Fighting Food Loss begins with Coordination and Collaboration

Women sifting through tomatoes ready to sell to customers

This post was originally featured on Securenutrition.org written by Chase Keenan and Renee Vuillaume for the Global Alliance for Improved Nutrition, GKI’s partner in the Postharvest Loss Alliance for Nutrition Network (PLAN) Recent studies in Nigeria estimate that if we could reduce food loss and waste of a single crop—tomatoes—by 25% we could improve the diets of nearly one and a half million children by providing them with the required daily dose of Vitamin A. These aren’t additional tomatoes that need to be grown, these are grown tomatoes that don’t get eaten. In a country where upwards of 30% of all children are Vitamin A deficient, this seemingly simple solution of ensuring the food that farmers grow gets eaten could make a huge difference. But we know it isn’t that simple. Addressing postharvest loss of nutritious foods is complicated. Changes must occur at the intersection of agriculture, transportation, energy, environment, policy, trade, and public health, among other sectors. While challenging, this reveals a critical piece of the solution: collaboration among disparate fields and connection between businesses and the knowledge and resources they need to reduce losses in their operations. To this end, the Global Alliance for Improved Nutrition (GAIN) created the Postharvest Loss Alliance for Nutrition (PLAN), which seeks to (1) coordinate measurable actions to reduce losses in perishable and nutritious food supply chains, and (2) increase access to these foods for vulnerable populations.  Launching the Network In partnership with the Global Knowledge Initiative (GKI), we launched the PLAN Network in May 2017, hosting an event that brought together agribusiness, finance and investing, government, and social sector actors from Nigeria and the United States. Together, they began laying the foundation for their common objective: connect agriculture businesses in low-resource countries to the information they need to improve their operations, reduce losses in their supply chains, and ultimately bring more nutritious foods to market. During the launch, PLAN members imagined what the network could accomplish, and zeroed in on several key […]

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When Simple is Difficult: Agriculture Technology in the Age of Innovation

A pair of hands holding potatoes freshly harvested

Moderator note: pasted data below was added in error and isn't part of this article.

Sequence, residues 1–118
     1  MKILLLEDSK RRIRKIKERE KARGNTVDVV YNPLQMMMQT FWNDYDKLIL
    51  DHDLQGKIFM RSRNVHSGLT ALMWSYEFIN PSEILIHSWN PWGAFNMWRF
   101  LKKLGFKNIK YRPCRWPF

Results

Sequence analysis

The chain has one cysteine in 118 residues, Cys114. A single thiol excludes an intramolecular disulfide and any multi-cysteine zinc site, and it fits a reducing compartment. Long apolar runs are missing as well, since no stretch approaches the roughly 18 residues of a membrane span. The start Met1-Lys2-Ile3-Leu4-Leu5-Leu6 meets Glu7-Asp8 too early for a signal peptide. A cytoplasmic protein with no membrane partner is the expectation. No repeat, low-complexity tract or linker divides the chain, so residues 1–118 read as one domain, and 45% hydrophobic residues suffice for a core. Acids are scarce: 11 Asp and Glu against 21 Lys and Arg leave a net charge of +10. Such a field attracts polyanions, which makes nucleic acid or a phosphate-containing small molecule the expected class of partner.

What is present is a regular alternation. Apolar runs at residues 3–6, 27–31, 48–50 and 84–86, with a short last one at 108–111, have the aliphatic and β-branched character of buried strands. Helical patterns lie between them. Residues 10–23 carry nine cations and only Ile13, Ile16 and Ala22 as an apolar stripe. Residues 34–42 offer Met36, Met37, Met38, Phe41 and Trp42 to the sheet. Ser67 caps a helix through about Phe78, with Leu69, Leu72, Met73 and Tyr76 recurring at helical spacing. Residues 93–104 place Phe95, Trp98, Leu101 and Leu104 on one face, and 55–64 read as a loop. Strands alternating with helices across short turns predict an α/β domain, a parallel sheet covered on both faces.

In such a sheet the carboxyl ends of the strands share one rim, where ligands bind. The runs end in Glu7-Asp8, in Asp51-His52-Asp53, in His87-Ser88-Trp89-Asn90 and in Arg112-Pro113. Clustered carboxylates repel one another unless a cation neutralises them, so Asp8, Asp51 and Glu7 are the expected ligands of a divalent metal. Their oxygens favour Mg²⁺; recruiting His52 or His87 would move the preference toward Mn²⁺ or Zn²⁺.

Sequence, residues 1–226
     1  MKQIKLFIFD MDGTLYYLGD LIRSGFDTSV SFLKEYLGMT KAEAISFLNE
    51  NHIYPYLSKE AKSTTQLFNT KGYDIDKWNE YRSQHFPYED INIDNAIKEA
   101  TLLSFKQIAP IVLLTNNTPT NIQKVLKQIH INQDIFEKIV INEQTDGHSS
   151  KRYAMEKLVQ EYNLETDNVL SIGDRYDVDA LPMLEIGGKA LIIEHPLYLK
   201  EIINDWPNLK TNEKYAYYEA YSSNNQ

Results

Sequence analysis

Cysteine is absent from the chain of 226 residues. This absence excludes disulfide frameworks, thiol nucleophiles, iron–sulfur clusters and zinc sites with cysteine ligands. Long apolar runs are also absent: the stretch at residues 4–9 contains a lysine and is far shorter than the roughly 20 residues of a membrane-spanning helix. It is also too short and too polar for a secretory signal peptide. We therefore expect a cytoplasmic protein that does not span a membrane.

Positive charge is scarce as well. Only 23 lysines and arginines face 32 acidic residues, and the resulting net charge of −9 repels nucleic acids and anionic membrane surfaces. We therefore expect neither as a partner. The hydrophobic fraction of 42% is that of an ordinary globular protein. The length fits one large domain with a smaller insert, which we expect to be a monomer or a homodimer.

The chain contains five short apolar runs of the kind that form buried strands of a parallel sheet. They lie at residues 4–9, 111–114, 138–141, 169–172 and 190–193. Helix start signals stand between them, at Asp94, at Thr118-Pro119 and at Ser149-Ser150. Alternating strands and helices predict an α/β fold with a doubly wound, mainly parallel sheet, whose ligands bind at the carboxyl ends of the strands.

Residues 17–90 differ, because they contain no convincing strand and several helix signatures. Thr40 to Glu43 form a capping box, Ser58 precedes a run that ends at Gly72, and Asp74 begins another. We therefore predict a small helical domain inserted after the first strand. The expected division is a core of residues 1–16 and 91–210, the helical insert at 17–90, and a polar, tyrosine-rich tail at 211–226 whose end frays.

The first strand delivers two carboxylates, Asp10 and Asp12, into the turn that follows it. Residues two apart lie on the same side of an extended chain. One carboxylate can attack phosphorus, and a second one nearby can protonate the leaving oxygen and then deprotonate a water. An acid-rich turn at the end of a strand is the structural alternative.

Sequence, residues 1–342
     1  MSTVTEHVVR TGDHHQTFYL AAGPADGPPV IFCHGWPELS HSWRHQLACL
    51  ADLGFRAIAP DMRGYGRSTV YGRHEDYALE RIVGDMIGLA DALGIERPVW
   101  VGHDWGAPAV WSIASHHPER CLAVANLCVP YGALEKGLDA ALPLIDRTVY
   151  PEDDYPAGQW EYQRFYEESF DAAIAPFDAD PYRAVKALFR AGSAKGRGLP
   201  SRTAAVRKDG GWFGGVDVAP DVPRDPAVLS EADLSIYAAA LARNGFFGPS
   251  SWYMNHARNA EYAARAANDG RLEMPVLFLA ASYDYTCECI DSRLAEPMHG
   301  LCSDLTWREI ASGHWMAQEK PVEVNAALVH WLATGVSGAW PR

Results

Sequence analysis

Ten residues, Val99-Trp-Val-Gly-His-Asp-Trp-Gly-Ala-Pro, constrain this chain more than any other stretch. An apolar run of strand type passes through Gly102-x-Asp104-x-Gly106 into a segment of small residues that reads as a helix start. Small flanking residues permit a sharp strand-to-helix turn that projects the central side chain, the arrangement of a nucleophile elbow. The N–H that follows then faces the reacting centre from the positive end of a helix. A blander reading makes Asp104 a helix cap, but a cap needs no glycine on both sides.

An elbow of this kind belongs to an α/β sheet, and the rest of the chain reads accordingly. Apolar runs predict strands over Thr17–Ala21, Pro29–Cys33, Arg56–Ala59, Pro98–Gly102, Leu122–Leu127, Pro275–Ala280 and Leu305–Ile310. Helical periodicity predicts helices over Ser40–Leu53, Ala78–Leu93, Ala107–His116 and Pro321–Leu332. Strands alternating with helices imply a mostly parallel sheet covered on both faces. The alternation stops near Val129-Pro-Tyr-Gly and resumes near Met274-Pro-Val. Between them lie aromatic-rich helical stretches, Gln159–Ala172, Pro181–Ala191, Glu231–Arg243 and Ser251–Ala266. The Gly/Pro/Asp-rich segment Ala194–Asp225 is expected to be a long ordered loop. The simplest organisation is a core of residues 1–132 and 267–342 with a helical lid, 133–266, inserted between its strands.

This post was originally featured on the Chicago Council of Global Affairs’ Blog, Global Food For Thought As a US Peace Corps Volunteer in a rural Ugandan village in 2010, I never expected my neighbors to own satellite TVs. We couldn’t buy carrots at a market within a 30-kilometer radius.  I planted beans with my neighbors by stuffing my cheeks with seeds like a chipmunk, slicing rows in the ground with a hoe, and spitting the seeds into the soil at two-foot spacing.  No one in my village owned a plow or had access to diverse, quality seeds, but I could watch Al Jazeera each night. This bewildered me. Why do some technologies spread like wildfire across the globe while others stagnate in the prototype stage, in a seemingly perpetual cycle of minor iterations? In 2015, almost 4.5 billion people owned a mobile phone, about 2.5 billion of them smart phones.  In 2016, 3.5 billion people had access to the internet. Innovation diffusion theorists have a lot to say about what it takes for an innovation to spread. Risk. Market potential. Social influence. But the “invisible hand of innovation diffusion” is agnostic to the societal value of a successful innovation; sometimes, the technologies that stick aren’t the technologies that are most needed. And sometimes what’s needed are the most simple or incremental innovations. For example, the Global Knowledge Initiative (GKI), in its role as the Innovation Partner for The Rockefeller Foundation’s YieldWise initiative, recently conducted an Innovation Scan for solar drying technologies appropriate for smallholder farmers in Nigeria who grow tomatoes. Nigeria is Africa’s second largest tomato producer, but 40-50 percent of the harvest is lost before it reaches a market. The remaining portion faces price volatility during the harvest glut. Drying offers one solution to this challenge. Smallholder farmers in Nigeria are familiar with drying their excess or damaged tomatoes. They often do so in the sun on mats, rocks, or roofs; it is a slow, unreliable process that can […]

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